Disability Provisions

The Copyright Act includes two free exceptions that allow people and educational organisations to use copyright material to assist people with disabilities.

A person with a disability is anyone who suffers from a disability that causes them difficulty in reading, viewing, hearing or comprehending copyright material in a particular form. In practice, this includes anyone with a disability as defined in the Disability Discrimination Act 1992 (Cth).

The University provides a range of services for students and staff to minimise the impact of disability or medical conditions on their ability to work and study.
Disability-related information, procedures and services for the University community is available from the University's Disability Hub.

Queries related to disability support for students should be directed to the Student Engagement Unit on 8302 8999 or

This exception can be exercised by a person with a disability or a person acting on their behalf to:

  • copy or communicate copyright material
  • make changes to the format of the material
  • add features to the material, if it is for the purpose of providing an accessible version to a person with a disability, and provided the dealing is 'fair'.

Before exercising this exception, the person dealing with the copyright material must take into account four factors in making a determination whether a particular use is 'fair'. The dealing must be 'fair' to avoid infringing copyright in the material that is being copied. The four factors which need to considered are:

  • The purpose and character of the dealing. This will be satisfied if the use is to assist a person with a disability to enjoy the copyright material.
  • The nature of the copyright material. Consider whether the material is in print and readily available, and whether it is published or unpublished.
  • The effect of the dealing upon the potential market for, or value of, the material. Does the proposed use unreasonably interfere with the copyright owner's exploitation of the material? If it does, the market harm it causes must be substantial for the proposed use to be considered unfair.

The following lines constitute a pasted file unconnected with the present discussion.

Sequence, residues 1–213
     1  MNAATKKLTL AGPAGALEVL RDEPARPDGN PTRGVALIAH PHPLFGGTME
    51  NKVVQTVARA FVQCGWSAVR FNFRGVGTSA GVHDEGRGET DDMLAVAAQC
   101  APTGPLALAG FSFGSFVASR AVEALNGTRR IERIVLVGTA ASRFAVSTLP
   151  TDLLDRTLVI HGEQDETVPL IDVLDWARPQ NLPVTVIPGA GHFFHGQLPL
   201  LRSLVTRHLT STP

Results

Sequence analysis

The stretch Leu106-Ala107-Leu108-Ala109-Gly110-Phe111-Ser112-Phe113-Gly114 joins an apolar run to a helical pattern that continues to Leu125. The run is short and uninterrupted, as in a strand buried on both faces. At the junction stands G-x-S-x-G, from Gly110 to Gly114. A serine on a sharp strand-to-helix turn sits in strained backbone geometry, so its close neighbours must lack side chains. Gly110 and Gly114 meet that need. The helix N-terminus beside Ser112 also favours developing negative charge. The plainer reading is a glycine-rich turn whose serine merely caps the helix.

• The amount and substantiality of the part taken compared to the whole material (if only part of the material has been copied). Consider how much of the original material has been taken. The more that is taken, the more likely it is to be unfair. However, a copy of the whole copyright material may be required by the person where the material is not available in the format required or with the necessary accessibility features.

This exception allows organisations to make accessible format copies and add features to them for the sole purpose of assisting a person with a disability provided the material is not commercially available in the required format. This exception replaces the provisions in the old educational statutory licence.

The 'new' exception is designed to be flexible to ensure copyright material can be converted into the best format available and with appropriate features to help a person with a disability enjoy the material. For example, scanning a book for use with assistive technology, making adjustments to the size and colour of graphs, tables or text, converting books into easy English, and providing audio descriptions.

NOTE: If the material is commercially available in a format suitable for assisting the person with their disability, then the University will be required to purchase a copy. If a copy of the work in a suitable format cannot be obtained within a reasonable time and at an ordinary commercial price, then the material is not deemed to be commercially available.

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